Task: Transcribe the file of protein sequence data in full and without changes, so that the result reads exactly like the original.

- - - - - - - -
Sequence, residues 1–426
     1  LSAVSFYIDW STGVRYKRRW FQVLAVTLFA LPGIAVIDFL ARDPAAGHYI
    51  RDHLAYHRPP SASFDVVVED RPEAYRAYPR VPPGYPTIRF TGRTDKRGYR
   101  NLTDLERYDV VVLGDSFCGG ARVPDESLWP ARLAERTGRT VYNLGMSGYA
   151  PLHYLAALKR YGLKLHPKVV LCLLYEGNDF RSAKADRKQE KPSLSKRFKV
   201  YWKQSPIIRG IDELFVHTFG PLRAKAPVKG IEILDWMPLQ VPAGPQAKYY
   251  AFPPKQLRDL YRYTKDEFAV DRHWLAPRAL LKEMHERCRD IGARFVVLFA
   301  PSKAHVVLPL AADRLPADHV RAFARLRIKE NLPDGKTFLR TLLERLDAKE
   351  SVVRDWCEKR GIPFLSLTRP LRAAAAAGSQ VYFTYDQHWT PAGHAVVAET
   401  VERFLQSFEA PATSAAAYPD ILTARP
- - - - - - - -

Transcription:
Sequence, residues 1–426
     1  LSAVSFYIDW STGVRYKRRW FQVLAVTLFA LPGIAVIDFL ARDPAAGHYI
    51  RDHLAYHRPP SASFDVVVED RPEAYRAYPR VPPGYPTIRF TGRTDKRGYR
   101  NLTDLERYDV VVLGDSFCGG ARVPDESLWP ARLAERTGRT VYNLGMSGYA
   151  PLHYLAALKR YGLKLHPKVV LCLLYEGNDF RSAKADRKQE KPSLSKRFKV
   201  YWKQSPIIRG IDELFVHTFG PLRAKAPVKG IEILDWMPLQ VPAGPQAKYY
   251  AFPPKQLRDL YRYTKDEFAV DRHWLAPRAL LKEMHERCRD IGARFVVLFA
   301  PSKAHVVLPL AADRLPADHV RAFARLRIKE NLPDGKTFLR TLLERLDAKE
   351  SVVRDWCEKR GIPFLSLTRP LRAAAAAGSQ VYFTYDQHWT PAGHAVVAET
   401  VERFLQSFEA PATSAAAYPD ILTARP